From Latin: Verbena = sacred plant, and hastata = spear-shaped.
Meadows, roasides, marshes, stream bans, shorelines
Prefers full sun and average to moist soil
An attractive clumping perennial that blooms from mid-summer through early fall and attracts a large number of pollinators. Verbena prefers full sun and average to moist soil. In optimal growing conditions, it may form colonies by slowly spreading rhizomes and self-seeding. Verbena hastata can be effectively used in borders as well as informal naturalized areas. Can be short lived. In ancient times the plant was thought to be a cure-all and drunk as a tea to ward off vampires.
Leaves and Stems
The plants have multiple 2’ – 5’ tall, stiffly erect, rough square stems and spread about 1’-2’. The stems are green or reddish with white hairs. The leaves are opposite, simple, 6” long and 1” wide. They have sharply serrated edges, prominent veins and pointed tips.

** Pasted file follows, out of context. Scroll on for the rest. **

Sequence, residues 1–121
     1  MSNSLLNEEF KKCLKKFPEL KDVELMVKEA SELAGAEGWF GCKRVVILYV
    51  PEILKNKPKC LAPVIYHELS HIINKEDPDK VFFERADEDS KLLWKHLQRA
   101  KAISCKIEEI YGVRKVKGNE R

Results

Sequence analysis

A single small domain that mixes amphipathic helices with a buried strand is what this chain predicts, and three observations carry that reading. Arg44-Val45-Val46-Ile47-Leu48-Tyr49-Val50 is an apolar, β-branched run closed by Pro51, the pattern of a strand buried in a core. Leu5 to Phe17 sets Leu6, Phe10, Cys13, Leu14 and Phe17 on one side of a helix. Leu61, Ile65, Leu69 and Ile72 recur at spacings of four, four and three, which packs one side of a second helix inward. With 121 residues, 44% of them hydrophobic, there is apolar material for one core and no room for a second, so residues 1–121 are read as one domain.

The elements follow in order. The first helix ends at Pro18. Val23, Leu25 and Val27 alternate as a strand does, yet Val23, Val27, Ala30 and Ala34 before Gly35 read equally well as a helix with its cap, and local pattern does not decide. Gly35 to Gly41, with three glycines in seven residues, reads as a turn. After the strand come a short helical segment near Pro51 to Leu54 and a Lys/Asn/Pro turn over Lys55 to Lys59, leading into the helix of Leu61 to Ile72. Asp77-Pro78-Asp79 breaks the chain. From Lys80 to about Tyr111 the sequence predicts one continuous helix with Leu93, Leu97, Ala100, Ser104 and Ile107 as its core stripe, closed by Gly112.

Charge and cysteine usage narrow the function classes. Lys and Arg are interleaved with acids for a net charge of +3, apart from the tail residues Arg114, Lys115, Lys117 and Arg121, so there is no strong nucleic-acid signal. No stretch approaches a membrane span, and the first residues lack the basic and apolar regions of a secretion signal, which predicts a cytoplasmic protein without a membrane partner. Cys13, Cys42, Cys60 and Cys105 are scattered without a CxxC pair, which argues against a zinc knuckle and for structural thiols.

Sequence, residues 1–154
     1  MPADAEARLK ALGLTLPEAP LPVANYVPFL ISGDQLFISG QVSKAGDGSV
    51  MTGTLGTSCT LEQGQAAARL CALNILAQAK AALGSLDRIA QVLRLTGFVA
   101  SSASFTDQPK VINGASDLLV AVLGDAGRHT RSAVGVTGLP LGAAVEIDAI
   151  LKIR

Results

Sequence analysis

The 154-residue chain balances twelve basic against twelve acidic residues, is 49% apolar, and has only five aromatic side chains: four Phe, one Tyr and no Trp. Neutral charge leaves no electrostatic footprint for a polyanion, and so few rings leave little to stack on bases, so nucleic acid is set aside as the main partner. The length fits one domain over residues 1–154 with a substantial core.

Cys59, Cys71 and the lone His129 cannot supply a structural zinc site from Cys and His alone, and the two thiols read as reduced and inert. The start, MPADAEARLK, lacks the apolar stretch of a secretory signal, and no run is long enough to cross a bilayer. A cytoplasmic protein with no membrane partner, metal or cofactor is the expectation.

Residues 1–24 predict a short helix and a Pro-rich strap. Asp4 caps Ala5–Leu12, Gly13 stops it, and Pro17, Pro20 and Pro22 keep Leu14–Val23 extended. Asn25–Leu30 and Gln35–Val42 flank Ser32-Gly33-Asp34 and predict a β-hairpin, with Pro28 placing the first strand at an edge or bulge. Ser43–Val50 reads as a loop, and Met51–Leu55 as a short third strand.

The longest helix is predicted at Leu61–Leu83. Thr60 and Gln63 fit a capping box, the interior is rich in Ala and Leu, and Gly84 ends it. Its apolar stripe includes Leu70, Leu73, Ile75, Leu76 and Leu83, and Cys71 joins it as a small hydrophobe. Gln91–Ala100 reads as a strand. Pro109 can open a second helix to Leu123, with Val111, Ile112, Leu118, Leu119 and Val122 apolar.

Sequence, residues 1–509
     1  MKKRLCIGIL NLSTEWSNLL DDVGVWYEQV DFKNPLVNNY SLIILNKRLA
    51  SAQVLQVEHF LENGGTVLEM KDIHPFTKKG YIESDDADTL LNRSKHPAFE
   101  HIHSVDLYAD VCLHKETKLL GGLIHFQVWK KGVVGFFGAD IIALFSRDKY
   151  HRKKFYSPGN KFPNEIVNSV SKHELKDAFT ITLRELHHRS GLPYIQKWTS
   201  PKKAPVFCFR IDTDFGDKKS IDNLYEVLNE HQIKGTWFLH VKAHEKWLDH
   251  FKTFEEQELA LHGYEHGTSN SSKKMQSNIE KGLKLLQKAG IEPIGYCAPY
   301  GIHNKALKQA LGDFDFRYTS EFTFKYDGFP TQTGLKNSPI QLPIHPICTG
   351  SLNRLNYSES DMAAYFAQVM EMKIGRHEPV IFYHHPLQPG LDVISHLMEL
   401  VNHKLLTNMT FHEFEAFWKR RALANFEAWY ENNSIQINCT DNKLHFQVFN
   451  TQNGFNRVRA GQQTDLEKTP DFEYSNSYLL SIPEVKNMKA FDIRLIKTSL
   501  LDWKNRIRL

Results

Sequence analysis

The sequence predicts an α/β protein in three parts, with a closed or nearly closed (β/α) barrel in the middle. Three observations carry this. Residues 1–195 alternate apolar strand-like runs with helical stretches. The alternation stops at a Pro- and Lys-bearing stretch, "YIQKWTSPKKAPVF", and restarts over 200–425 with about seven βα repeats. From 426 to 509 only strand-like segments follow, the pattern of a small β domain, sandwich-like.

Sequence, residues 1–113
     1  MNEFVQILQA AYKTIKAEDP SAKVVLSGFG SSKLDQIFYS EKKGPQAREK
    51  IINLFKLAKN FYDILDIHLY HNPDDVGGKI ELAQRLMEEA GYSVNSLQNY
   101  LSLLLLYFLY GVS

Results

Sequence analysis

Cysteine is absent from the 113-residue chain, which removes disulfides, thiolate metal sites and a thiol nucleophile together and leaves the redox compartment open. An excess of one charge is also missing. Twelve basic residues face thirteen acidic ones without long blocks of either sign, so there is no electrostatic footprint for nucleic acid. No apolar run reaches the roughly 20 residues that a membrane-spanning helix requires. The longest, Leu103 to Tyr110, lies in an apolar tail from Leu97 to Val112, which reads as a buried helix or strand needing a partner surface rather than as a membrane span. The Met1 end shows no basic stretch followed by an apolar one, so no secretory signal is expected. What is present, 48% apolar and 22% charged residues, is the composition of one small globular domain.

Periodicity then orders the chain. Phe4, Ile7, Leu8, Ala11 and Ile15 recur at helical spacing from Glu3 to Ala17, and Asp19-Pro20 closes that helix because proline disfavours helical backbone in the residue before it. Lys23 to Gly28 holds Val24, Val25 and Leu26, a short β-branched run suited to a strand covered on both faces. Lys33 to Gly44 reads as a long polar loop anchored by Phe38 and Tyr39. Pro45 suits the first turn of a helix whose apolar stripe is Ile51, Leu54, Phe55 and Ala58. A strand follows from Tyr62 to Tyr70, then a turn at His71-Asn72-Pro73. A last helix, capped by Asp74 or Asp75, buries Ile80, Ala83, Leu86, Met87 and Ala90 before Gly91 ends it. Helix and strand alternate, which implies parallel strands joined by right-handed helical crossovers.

Many pencil-like flower spikes branched like the arms of a candelabra. Each flower spike has a ring of blue-purple tubular flowers at the bottom of the spike. The flowers bloom along the spike from the bottom upwards for about 6 weeks.
Plants are prolific seed producers that readily reseed in the garden.
Bees are important pollinators. It attracts butterflies, moths and beneficial wasps. It is a larval host to Junonia coenia (common buckeye butterfly). Birds forage for the seed in the winter.
Easy to propagate by seed which ripens over the season. Stem cuttings are also feasible.
Library Garden, West Woods (see garden map)
Ladybird Johnson Wildflower Project
William Cullina. Wildflowers: A guide to growing and propagating native flowers of North America. The New England Wild Flower Society 2000.
Plant Profile by Kathy Kling